I’m standing in the kitchen with the lights off. I pick up my phone and press the blue and white Telegram app icon with my thumb.
It’s been one of those chaotic evenings with my kids where my spirit fluctuates between rage and defeat. When I worry if I’m failing at being a dad or if my kids are failing at being kids.
I type: “Nobody prepares us for this shit.”
I crack open a well-deserved beer. The screen glows off my fingers. Within seconds, a good friend now living in Asia responds: “which one is after you” – he’s referring to my two kids (aged seven and five). He shares a story about his nine-year-old daughter. Another friend a few hundred kilometres east on the 401 highway divulges that he’s frustrated sitting in a hotel room with both his daughters fighting sleep.
Other dads — guys I know well from my university days — are coming to my rescue. They’re embracing me with an instant virtual hug. Their responses are providing a soothing feeling the beer can’t compete with. It’s a digital connection a curated Instagram or Facebook post can’t match.
It’s reassuring and comforting knowing other dads I trust sometimes struggle, too.
On most days, I exchange dozens of messages with friends I used to see regularly over chat apps like WhatsApp and Telegram. My chats were born years ago to organize reunions, but have morphed over the years into much more than a scheduling tool.
More than 300 million people will log in and use WhatsApp today — checking the app on average 23 times a day. I participate in two fantasy sports chats, a chat group with my university friends and one with the guys I went to high school with. In an age where we can all stand to put our phones down and be more present, I’m often embracing this technology after hours when the kids are tucked away. The platforms are providing an outlet where I connect with other dads I know and trust to discuss the mundane day-to-day, but also compare notes, vent and learn.
The chat helps me be a better dad and stronger partner. Many of the conversations have validated insecure feelings about my own life, such as parenting decisions and conflict. It’s reassuring and comforting knowing other dads I trust sometimes struggle, too.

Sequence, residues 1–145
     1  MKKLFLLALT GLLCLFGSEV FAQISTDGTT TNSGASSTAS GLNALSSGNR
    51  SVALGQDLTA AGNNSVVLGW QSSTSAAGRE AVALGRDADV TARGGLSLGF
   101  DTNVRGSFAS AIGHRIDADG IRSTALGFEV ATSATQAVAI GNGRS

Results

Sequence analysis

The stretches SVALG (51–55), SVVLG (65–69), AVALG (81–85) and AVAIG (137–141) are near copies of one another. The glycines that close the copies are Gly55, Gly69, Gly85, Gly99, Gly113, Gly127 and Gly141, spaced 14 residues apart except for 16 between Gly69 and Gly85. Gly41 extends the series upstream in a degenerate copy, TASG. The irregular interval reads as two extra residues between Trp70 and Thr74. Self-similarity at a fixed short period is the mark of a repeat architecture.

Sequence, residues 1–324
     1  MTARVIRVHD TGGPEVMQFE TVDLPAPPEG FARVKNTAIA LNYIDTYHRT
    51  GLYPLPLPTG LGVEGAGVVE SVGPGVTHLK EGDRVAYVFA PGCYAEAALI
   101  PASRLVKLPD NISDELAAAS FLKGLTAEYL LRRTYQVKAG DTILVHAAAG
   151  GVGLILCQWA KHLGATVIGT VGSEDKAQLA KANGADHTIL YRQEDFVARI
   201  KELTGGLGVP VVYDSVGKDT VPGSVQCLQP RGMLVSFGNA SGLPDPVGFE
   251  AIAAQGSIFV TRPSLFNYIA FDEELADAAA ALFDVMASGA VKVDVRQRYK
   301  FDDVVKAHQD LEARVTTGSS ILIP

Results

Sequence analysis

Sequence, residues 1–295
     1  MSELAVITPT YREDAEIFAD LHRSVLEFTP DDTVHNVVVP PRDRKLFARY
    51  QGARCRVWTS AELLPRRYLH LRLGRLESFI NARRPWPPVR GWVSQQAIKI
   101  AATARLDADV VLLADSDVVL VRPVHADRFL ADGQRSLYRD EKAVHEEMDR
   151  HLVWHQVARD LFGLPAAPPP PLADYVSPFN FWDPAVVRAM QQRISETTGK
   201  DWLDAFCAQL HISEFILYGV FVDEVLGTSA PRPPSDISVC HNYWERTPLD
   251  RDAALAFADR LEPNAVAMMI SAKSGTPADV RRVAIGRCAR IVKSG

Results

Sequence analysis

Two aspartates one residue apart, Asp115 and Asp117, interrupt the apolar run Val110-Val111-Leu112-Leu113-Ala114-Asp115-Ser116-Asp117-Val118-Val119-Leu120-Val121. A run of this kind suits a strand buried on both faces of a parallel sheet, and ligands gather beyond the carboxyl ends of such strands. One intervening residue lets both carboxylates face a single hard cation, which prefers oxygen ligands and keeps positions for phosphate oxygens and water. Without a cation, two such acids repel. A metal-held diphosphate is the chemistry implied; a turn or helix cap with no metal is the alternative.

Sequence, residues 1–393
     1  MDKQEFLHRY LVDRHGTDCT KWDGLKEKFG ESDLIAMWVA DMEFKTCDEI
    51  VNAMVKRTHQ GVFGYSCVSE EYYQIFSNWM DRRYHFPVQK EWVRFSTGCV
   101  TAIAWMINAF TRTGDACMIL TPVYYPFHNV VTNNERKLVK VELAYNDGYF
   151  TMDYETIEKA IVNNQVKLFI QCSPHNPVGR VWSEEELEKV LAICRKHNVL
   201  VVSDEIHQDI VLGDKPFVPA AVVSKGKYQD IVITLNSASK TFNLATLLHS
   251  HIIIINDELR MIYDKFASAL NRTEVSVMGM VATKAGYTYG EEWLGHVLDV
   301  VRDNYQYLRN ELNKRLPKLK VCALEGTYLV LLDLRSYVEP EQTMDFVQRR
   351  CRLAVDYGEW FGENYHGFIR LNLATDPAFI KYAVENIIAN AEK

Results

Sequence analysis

‘I relish these authentic moments’
Much of the banter is sharing humour, weird GIFs, improper jokes and incessant, but entirely innocent, mocking of each other about stories from sometimes decades ago. We’ve gotten carried away at times, but it can be very interesting. I’ve joined other dads’ travels around the world, accompanied hunting trips, sat front row at sporting events, and endlessly debated politics, sports, news and beer. An all-time highlight was helping a friend stay focused while he was trapped inside Parliament during the tragic 2014 shooting. He was sending messages about hearing gunshots.
Yet, it’s the rich, personal sharing that always shines through making my time investment genuine and rewarding.
One dad broke his divorce news in one of the chat groups.
On another occasion, a friend’s son had a fever north of 103 for three days. He panicked and raced to the hospital after another fever spike. He broke down in tears at triage, totally exhausted and powerless. He logged into our chat group from the waiting room and shared the story. He says the support, advice and understanding he got back made him cry even more.
Chat apps permit in-the-moment engagement with immediate reactions, when the emotion is raw.
Another close friend with a special needs son was once at his wit’s end about toilet training his then eight-year-old. He shared a detailed story in our group about the clean-up, the frustration and ongoing effort he makes to help his boy. He says it’s cathartic to release information in a safe way with people who care. It allows him an escape.
I relish these authentic moments because they’re raw and bring to life the realities dads battle.
When we do get together — and there are some people in the chat groups I may not see for years — I find we rarely share in person the vulnerabilities we discuss online. I’ve certainly found it easier at times to just laugh and watch the Leafs, as opposed to drag the group down. Besides, our increasingly rare in-person get-togethers are supposed to be escapes.
A campfire is nostalgic and relaxing. The bar stool is fun. But chat apps permit in-the-moment engagement with immediate reactions, when the emotion is raw. I also feel safer alone, behind the screen where I can simply “go dark” or not engage when I’m not interested in the conversation.
Our Baby Boomer parents have mostly aged without the friends they grew up with. Word of mouth is pretty much how they stayed in touch, and that’s about as effective as shovelling snow with a rake. They didn’t have other dads just a thumb swipe away that newer dads like me have today.
It impacted them.
Research shows that dads are at risk of aging alone and it impacts mental health.
A 2016 survey by U.K.’s Movember organization stated that over half of men reported having two friends or less that they would discuss a serious topic with. The survey found one in 10 men couldn’t recall the last time they contacted their friends.
That stat is from more than three years ago. I hope the rise of chat apps will change these findings.
It has been an hour since I posted the message on that particularly frustrating Friday night. The beer is now mostly warm, but the conversation is flowing. We’ve covered sibling violence, noisy hotel rooms, managing emotions, lack of patience, one dad’s son’s surprising brute strength and, well, animals.
I feel calmer.
Tomorrow will be better.
Have a personal story you’d like to share on HuffPost Canada? You can find more information here on how to pitch and contact us.
Also on HuffPost: